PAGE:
Let’s Go: two band members reunite the Cars
By Dean Goodman
LOS ANGELES (Reuters) – Two former members of the defunct
new wave rock band the Cars have refueled the group, installing
singer-songwriter Todd Rundgren in the driver’s seat and will
hit the road as the New Cars, they announced on Tuesday.
The new model, featuring Cars lead guitarist Elliot Easton
and keyboardist Greg Hawkes, will be accompanied on tour by
fellow classic pop refugees Blondie, who were inducted into the
Rock and Roll Hall of Fame on Monday.
Absent from the Cars reunion are singer/guitarist Ric
Ocasek, who wrote all the band’s hits, such as “Good Times
Roll,” “Let’s Go” and “Magic,” bass player Benjamin Orr, who
died of cancer in 2000, and drummer David Robinson. The band
broke up acrimoniously in the late 1980s amid declining sales.
By calling itself the New Cars, the band avoids legal traps
that dog acts when they reunite with different lineups. Last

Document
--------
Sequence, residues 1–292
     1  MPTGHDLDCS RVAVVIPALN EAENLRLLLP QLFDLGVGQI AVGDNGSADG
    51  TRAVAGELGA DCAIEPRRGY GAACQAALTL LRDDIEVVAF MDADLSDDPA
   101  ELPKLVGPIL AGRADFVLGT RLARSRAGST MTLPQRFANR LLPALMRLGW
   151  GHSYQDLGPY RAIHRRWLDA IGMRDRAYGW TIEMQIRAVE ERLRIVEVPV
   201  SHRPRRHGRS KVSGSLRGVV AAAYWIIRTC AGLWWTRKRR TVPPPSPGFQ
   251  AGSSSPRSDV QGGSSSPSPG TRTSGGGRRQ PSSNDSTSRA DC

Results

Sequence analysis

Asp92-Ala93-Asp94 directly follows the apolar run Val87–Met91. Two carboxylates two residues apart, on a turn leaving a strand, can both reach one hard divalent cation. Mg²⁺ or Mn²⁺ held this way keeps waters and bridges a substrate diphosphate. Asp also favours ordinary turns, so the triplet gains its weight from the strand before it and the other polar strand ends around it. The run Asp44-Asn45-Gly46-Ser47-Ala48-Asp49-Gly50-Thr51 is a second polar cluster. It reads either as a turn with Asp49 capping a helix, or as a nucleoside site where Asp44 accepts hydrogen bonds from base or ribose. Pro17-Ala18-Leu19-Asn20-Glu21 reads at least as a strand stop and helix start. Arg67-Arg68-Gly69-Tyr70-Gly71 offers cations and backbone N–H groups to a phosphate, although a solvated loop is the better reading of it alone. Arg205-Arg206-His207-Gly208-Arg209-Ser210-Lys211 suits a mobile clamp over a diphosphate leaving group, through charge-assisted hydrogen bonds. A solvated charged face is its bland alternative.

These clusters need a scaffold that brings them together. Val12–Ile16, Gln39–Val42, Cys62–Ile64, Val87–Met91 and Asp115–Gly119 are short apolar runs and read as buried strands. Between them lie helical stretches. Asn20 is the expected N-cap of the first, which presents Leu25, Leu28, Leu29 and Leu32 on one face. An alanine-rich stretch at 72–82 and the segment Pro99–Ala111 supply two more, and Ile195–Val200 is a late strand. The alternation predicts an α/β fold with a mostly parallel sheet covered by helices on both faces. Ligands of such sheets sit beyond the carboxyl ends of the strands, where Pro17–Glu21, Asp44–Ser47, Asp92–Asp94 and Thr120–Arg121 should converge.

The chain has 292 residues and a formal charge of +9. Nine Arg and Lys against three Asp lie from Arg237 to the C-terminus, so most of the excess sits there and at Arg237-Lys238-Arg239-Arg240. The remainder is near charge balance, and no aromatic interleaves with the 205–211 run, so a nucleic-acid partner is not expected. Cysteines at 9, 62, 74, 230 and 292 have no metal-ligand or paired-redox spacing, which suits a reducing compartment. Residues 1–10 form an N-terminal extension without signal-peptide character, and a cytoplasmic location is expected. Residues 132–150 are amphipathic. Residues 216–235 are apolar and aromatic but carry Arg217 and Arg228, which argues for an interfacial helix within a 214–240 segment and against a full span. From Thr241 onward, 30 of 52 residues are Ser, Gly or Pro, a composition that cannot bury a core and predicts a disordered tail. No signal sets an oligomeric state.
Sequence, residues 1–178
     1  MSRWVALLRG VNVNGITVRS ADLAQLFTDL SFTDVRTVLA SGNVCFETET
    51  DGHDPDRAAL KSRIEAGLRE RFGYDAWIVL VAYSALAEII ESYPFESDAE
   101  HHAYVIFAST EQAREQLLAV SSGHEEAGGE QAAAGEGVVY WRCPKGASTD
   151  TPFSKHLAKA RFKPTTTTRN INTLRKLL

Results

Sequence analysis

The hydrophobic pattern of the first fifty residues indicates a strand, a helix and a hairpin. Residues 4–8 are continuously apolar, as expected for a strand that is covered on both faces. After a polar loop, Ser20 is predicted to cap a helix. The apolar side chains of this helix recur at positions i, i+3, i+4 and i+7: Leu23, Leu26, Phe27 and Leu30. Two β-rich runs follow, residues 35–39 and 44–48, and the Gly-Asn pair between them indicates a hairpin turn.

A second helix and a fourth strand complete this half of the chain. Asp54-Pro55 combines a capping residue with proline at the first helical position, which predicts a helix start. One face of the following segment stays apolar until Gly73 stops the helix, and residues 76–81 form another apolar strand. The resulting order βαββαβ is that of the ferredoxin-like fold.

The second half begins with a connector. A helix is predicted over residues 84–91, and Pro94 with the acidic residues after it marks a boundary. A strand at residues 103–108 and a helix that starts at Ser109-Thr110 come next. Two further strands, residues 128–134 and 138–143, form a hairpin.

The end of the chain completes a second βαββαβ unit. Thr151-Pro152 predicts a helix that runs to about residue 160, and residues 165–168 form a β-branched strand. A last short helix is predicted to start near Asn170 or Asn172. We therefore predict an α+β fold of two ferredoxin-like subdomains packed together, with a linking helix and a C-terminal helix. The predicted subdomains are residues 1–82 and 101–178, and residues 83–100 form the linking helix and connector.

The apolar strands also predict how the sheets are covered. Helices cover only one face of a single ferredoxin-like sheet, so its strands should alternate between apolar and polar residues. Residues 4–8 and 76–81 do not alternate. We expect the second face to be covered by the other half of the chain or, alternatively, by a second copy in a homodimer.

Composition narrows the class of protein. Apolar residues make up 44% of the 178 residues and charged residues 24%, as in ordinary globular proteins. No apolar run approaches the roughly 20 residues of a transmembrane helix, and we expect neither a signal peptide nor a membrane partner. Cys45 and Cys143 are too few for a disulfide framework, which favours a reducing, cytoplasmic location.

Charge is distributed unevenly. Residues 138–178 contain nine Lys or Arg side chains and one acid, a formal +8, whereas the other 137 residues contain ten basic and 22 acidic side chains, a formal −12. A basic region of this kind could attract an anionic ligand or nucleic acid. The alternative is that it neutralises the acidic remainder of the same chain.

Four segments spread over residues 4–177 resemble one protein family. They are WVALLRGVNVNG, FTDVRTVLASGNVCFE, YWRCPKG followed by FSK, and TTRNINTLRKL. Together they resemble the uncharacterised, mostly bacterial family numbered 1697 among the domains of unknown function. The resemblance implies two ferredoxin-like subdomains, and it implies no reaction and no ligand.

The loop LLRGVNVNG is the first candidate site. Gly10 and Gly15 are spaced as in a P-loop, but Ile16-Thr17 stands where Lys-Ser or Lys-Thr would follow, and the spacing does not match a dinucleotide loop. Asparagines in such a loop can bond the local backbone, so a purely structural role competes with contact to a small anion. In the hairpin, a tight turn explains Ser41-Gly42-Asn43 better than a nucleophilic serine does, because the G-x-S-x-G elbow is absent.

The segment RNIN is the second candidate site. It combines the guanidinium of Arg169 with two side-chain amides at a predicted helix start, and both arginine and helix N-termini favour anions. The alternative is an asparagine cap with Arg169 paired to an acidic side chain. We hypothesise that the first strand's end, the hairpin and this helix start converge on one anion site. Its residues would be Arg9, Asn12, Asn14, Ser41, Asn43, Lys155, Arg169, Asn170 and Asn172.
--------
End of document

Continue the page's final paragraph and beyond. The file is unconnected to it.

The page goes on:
July, former Doors drummer John Densmore won a permanent
injunction preventing his two surviving bandmates from using
the Doors name while touring with a revamped version of the
legendary 1960s act.
The New Cars tour will begin in low-key fashion, at a
casino in the Mississippi city of Tunica on May 12, and will
reach such key markets as Los Angeles (May 20), New York (June
7), its Boston hometown (June 9) and Toronto (June 21), before
wrapping on July 1 in Saratoga, N.Y. on July 1.
The Cars, founded in 1977, were among the most successful
American rock bands to emerge from the remains of the
short-lived punk rock revolution. The group managed to appeal
to fans of both disparate genres thanks to radio-friendly pop
tunes flavored with a hint of detached irony.
Its self-titled debut album, issued in 1978, yielded the
hits “Good Times Roll,” “My Best Friend’s Girl” and “Just What
I Needed,” and turned the band into FM rock staples.
The Cars became MTV favorites in 1984 with a slew of videos
stemming from its fifth — and most successful album —
“Heartbeat City.” But the belated follow-up, 1987′s “Door to
Door” sold disappointingly, and the band broke up at Ocasek’s
behest after a poorly received tour.
Rundgren, a maverick pop songwriter famed for such tunes as
“I Saw the Light” and “Can We Still Be Friends,” has been a
cult attraction on the fringes of the music industry for most
of his four-decade career.
Also aboard the New Cars are bass player Kasim Sulton, who
has played with Rundgren, and former Tubes drummer Prairie